FAVOR III China: Early Gains of QFR in PCI Persist to 2 Years

Reductions in MACE were most pronounced in patients whose treatment plan was changed based on QFR assessment.

FAVOR III China: Early Gains of QFR in PCI Persist to 2 Years

BOSTON, MA—The advantage of quantitative flow ratio (QFR) guidance may persist long term, with better clinical outcomes out to 2 years in patients in whom the strategy is used prior to PCI versus those whose treatment is based on standard angiographic guidance, the FAVOR III China study finds.

In his recorded presentation here at TCT 2022, lead investigator Lei Song, MD, PhD (Fuwai Hospital, Beijing, China), showed that the relative hazard of 2-year MACE (a composite of death from any cause, MI, or ischemia-driven revascularization) was reduced by 34% with the QFR-guided strategy, and that the benefits of QFR continued to accrue over time. In landmark analyses, there was a consistent reduction in MACE rates between 1 and 2 years (HR 0.65; 95% CI 0.46-0.91) and between 0 and 1 year (HR 0.65; 95% CI 0.51-0.83).

Similar to the 1-year results, presented at last year’s TCT, the lower MACE rates at 2 years were driven primarily by fewer procedural and nonprocedural MIs in the QFR-guided group (4.0% vs 6.8%; P = 0.0002), as well as less ischemia-driven revascularization (4.2% vs 5.8%; P = 0.02). Rates of all-cause and CV mortality were similar between treatment arms.

“The reductions in MACE were most pronounced in patients in whom QFR assessment-directed changes in the pre-PCI revascularization plan and in whom a QFR-concordant PCI strategy was performed,” Song said in his presentation.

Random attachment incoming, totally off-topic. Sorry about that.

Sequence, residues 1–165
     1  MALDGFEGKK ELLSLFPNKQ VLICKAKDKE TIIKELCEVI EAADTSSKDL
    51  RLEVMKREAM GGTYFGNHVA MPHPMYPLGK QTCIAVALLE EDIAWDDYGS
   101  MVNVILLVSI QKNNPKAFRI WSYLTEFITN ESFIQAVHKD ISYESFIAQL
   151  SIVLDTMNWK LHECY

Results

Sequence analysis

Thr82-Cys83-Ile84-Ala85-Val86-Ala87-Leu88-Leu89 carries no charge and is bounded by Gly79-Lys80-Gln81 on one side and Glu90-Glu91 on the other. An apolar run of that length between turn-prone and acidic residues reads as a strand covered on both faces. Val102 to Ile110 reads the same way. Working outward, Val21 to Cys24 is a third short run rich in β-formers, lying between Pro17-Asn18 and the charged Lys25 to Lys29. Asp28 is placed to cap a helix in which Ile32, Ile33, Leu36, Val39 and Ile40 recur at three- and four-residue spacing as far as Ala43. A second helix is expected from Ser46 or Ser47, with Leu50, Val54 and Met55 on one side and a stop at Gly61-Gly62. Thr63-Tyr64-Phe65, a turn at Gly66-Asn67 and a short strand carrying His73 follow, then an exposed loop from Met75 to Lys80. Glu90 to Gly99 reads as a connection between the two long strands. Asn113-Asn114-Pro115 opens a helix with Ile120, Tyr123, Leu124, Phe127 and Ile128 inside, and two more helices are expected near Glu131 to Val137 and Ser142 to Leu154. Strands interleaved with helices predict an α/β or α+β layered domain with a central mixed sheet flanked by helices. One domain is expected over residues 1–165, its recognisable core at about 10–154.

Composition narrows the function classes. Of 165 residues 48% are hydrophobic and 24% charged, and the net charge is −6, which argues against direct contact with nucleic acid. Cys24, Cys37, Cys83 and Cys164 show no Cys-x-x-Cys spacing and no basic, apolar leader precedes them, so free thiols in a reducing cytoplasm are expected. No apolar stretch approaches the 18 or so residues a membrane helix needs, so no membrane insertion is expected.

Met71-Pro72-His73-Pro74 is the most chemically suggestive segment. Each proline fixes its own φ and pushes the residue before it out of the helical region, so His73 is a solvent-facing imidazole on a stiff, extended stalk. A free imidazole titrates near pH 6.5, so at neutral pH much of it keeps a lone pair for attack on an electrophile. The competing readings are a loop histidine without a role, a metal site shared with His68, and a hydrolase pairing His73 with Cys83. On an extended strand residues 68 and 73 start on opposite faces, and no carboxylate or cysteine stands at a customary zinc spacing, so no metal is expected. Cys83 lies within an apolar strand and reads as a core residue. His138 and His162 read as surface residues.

Davide Capodanno, MD, PhD (University of Catania, Italy), who was a panelist in the late-breaking session, told TCTMD that the study is more evidence that anatomy alone is not the best guide for stenting.

“This is a part of a set of studies that show the same message, which is that when we decide which lesions have to be stented, we have to be careful that they also produce some kind of effect on the downstream myocardium,” he said. Capodanno added that data from this study, and others involving fractional flow reserve (FFR), FFR-CT, and instantaneous wave-free ratio (iFR), send a consistent message that “you should be careful not to place too many stents [as an overreaction] to the lesions.”

While many operators are not familiar with QFR or don’t have access to it, some worry that operators could rely on it too much.

“I think it’s got tremendous attraction and possibilities, but one of the concerns I have is that . . . the need for careful, technique-driven angiography goes by the wayside and automates the process, perhaps, a bit too much,” Eric A. Cohen, MD (Sunnybrook Health Sciences Centre, Toronto, Canada), commented in a media briefing.

To TCTMD, Song said although the study patients had low anatomical complexity, QFR likely can be applied to almost all-comers presenting for PCI. “In the real world, I think maybe 10 to 15% cannot receive QFR based on this technique,” he commented.

Long-term Impact of Lesion Selection Methods